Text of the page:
In a triumphant press conference held by federal officials and then-U.S. Attorney Joe Russoniello about the takedown, Bad Boy didn't get a mention. Nor did Jaime "Mickey" Martinez, a former gang leader who would later testify to participating in car thefts and a shooting during his time as a government snitch. Federal law enforcement didn't mention paying these informants thousands of dollars, relocating their families, or letting them stay in the country and giving them work permits.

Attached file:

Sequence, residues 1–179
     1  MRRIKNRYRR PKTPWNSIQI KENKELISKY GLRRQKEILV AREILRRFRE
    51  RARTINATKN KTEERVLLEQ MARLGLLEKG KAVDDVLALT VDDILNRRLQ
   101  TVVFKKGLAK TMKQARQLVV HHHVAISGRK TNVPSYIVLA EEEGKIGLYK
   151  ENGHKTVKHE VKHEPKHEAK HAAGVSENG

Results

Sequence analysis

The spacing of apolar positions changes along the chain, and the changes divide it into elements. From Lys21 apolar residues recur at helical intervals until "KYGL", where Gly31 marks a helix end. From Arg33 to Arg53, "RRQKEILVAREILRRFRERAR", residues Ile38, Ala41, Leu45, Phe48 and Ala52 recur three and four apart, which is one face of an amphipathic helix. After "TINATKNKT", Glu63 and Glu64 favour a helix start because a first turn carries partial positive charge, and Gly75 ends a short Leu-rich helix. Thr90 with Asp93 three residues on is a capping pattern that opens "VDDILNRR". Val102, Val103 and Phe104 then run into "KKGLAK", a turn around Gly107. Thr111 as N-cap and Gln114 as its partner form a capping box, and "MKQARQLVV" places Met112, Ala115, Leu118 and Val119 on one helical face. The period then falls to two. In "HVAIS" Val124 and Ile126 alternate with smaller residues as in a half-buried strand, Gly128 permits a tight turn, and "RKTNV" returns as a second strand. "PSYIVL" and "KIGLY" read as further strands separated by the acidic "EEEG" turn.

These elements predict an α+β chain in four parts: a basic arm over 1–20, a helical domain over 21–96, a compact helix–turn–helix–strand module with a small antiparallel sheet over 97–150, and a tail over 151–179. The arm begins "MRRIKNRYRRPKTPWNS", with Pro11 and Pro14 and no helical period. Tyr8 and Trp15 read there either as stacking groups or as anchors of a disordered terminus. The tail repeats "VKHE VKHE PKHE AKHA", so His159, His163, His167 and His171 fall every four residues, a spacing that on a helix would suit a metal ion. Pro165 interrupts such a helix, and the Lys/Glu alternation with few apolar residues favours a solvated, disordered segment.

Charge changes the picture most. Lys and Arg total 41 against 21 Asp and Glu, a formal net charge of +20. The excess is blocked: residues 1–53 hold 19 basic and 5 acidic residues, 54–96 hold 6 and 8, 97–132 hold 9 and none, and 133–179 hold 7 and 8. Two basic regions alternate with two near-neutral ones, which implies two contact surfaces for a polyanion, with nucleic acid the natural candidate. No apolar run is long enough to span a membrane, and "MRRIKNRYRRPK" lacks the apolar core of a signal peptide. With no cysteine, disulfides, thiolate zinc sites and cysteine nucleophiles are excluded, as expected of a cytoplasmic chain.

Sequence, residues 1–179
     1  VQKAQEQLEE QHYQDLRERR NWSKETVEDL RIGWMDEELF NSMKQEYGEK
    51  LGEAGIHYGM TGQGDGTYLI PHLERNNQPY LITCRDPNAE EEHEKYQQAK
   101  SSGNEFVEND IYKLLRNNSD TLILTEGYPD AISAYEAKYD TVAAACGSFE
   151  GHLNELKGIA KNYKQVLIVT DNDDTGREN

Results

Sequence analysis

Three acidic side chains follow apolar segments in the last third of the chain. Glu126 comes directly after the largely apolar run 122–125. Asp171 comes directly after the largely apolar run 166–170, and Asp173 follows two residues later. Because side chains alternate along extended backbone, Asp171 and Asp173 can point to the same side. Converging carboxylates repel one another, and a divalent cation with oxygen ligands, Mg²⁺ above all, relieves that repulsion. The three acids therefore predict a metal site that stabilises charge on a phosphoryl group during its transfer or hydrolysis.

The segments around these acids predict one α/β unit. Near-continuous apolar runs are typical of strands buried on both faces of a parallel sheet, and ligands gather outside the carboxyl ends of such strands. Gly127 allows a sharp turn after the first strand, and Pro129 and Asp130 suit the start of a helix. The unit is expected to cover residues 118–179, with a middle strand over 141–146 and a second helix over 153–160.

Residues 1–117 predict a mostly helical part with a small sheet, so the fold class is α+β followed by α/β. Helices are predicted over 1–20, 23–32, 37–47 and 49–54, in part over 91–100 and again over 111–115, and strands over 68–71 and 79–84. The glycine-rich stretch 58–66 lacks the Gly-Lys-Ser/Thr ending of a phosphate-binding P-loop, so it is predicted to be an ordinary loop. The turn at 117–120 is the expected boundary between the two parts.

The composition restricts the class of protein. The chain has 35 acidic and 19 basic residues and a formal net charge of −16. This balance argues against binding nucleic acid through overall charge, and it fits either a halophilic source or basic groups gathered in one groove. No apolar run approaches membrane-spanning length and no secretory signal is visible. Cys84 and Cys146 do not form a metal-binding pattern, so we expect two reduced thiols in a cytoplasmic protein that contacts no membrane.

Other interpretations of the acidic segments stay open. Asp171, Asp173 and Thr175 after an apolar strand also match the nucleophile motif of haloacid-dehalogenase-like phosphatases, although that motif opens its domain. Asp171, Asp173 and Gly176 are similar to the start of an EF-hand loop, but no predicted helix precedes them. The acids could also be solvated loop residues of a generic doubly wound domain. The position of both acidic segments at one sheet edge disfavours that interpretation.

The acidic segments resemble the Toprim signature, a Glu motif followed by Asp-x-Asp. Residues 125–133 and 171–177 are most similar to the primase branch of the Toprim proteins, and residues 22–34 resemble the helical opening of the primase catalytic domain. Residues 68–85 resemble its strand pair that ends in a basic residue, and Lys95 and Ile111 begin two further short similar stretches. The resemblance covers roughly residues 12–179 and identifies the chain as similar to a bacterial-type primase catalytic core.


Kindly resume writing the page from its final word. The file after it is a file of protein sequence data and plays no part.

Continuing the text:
No wonder: The informants are becoming an increasing liability. One defendant claims he was arrested for committing the crimes he was supposedly informing about, and is now suing the city and his federal handlers. As seven defendants started a trial this month facing sentences of up to life in prison, defense attorneys are claiming entrapment. "The government created much of the violence," Martin Sabelli said in his opening statements. "The prosecution went awry and [my client] was induced, cajoled, and pressured to commit crimes he was not otherwise predisposed to commit," said Lupe Martinez.This case is unusual in another way. Although the government almost never brings perjury charges against its own informant witnesses, Bad Boy is being charged with making false statements to the government for failing to disclose all of his own past crimes. Ironically, this is a good sign, since at a fundamental level it is up to the government to police the reliability of its own informants.